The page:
Last Modified: Friday, May 10, 2013 10:03 AM
Well, thank you very much, Bob Stoops.
Things were getting a little slow in the college football offseason. Spring football is over, recruiting season is long gone and I have it on pretty good authority that the NFL draft did eventually end.
You can only rearrange the deck chairs on those way-too-early rankings for next season so many times.
Somebody needed to a light a fire. Somebody needed to stir the pot. Somebody needed to create a crisis or at least get out there and offend something or someone.
So let us all give thanks to the Oklahoma football coach.
He recently lobbed a salvo into SEC country, a fire-brand accusation that SEC football isn’t all that it’s cracked up to be.
Them were fighting words, of course, stirring up quite a firestorm (over nothing) among the SEC’s chest-thumpers.
Kind of what Stoops was saying was that, other than seven consecutive BCS national championships, you know, the SEC really hasn’t been all that dominant.
“They’ve had the best team in college football,” he did admit. “They haven’t had the whole conference. Because, again, half of ‘em haven’t done much at all.”
I’m sure SEC Commissioner Mike Slive could lean back in his chair and, with a flick of the wrist, fire off a rebuttal that would leave poor Stoops smoldering.
But Slive reserves those measures for the legitimate contenders (like, occasionally, Big Ten Commissioner Jim Delaney). Slive is usually content to smile with a wry smirk, an expression that suggests that reacting to outbreaks of petty jealousy is not really worth his time and effort.
Let’s have some fun anyway.
Sadly, Stoops did not stipulate how the pesky best “whole conference” thing should be calculated.
Seven straight national championships apparently doesn’t do it.
And the fact that four teams are responsible for that seven-year itch that so annoys the rest of the country doesn’t move his needle much either.
He probably should stay away from the NFL draft.
The SEC had more draft picks that any other two conferences combined. OK, the SEC has 14 teams now, which is a lot, maybe too many.
But, in fact, if the SEC East and SEC West were separate conferences (with only seven teams each), they would have finished 1-2 in total draft picks, the East edging the West 32-31.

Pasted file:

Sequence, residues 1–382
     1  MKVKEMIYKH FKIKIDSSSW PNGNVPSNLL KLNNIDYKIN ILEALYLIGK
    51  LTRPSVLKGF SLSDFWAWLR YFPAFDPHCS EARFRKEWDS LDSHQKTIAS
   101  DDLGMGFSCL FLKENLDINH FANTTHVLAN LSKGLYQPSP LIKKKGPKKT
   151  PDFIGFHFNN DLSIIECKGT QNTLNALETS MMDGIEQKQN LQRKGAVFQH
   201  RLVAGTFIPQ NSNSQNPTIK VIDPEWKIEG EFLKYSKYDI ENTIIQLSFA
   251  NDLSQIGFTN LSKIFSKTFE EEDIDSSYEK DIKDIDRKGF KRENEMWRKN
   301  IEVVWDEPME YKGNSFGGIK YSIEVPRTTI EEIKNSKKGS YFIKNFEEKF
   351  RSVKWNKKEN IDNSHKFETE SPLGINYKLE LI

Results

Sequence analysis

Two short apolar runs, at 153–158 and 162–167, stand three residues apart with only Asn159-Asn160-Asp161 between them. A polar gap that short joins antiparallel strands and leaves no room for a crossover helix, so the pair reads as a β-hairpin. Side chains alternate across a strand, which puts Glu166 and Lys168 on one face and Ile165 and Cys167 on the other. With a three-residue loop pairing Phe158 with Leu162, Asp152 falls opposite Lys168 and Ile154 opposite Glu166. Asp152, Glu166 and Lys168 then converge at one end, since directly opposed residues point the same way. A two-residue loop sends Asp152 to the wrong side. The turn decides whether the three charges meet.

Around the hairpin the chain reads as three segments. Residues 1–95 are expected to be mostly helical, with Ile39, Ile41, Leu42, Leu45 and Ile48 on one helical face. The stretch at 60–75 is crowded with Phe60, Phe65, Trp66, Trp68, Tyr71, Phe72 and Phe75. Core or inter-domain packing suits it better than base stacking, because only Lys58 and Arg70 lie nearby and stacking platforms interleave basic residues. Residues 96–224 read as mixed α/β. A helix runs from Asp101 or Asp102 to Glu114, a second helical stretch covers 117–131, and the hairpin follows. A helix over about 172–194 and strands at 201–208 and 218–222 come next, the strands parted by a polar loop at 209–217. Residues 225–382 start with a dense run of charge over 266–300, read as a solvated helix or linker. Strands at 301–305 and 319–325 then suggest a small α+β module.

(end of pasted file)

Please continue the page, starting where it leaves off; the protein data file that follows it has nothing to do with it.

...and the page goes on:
The ACC also had 31.
Four SEC teams — Alabama, LSU, Florida and Georgia — combined for 34 picks, three more than any other conference.
Stoops just said, “You’re listening to a lot of propaganda that gets fed out to you … Again, you can look at the top two, three, four, five, six teams …”
Actually, the SEC did dig down six deep to find Oklahoma an opponent for the most recent Cotton Bowl.
Oklahoma was the Big 12 co-champion. Texas A&M was a whale of team, with a Heisman Trophy quarterback, but in the official SEC standings the Aggies went in at No. 6.
Your 2013 Cotton Bowl: Texas A&M 41, Oklahoma 13.
So Stoops continues, “Look at the bottom six, seven, eight, whatever they are. How well are they all doing?”
Translation: Pay no attention to the man behind the curtain.
What is he saying? That a conference should be judged by its bottom-feeders?
What? He wants a Kentucky (2-10) vs. Kansas (1-11) game to settle this debate once and for all? That would be pretty good stuff on the hardwood, but sheer agony for football fans everywhere.
There’s some sort of scientific formula out there that states that for every action, there must be an equal and opposite reaction — in football terms, every time a team wins, another team inevitably must lose.
Even the SEC has found no way around this conundrum — perhaps Slive is working on it as we speak — so, yes, every year as the conference schedule grinds on, the SEC is saddled with teams stockpiling losses.
Everybody doesn’t get a ribbon.
Yes, there were four awful teams in the SEC last year in Arkansas, Tennessee, Auburn and Kentucky. And all four of those head coaches got properly fired for it. That’s the way the big boys handle these things.
And they were historically bad teams, combining to go 3-29 in SEC play. But somehow they managed to go a combined 11-5 out of conference.
But one of those teams, Auburn, is one of the four to win a national title during the SEC streak.
Another, Tennessee, won the very first BCS title in 1998.
They’re going through down periods. It’s not like they’re Iowa State.
Yes, there are fears, even within the SEC, that it is starting to become Nick Saban’s world with Alabama dominating it with two of the last three BCS titles.
But two years ago it was famously two SEC teams in the BCS championship game. Last year it could just as easily have been Georgia winning the SEC championship game for the right to dog-whip Notre Dame in the national title game.
In fact, the cottage industry in SEC country before the presumed Bama beat-down of the Irish, was figuring how many SEC teams would be able to handle the chore just as efficiently as the Tide surely would.
Or, another version: How far down the SEC food chain would you have to dip to make it a fair fight?
Most seemed to agree any of the top six would have sufficed and surely there would have been at least six teams yelping for the chance.
Oklahoma would probably have been in that number too, because … oh, wait, Oklahoma did play Notre Dame. At home. Back on Oct. 27, when Manti Te’o thought his girlfriend was real and deceased.
Final score: Notre Dame 30, Sooners 13.
But nice try, coach.
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Scooter Hobbs covers LSU athletics. Email him at firstname.lastname@example.org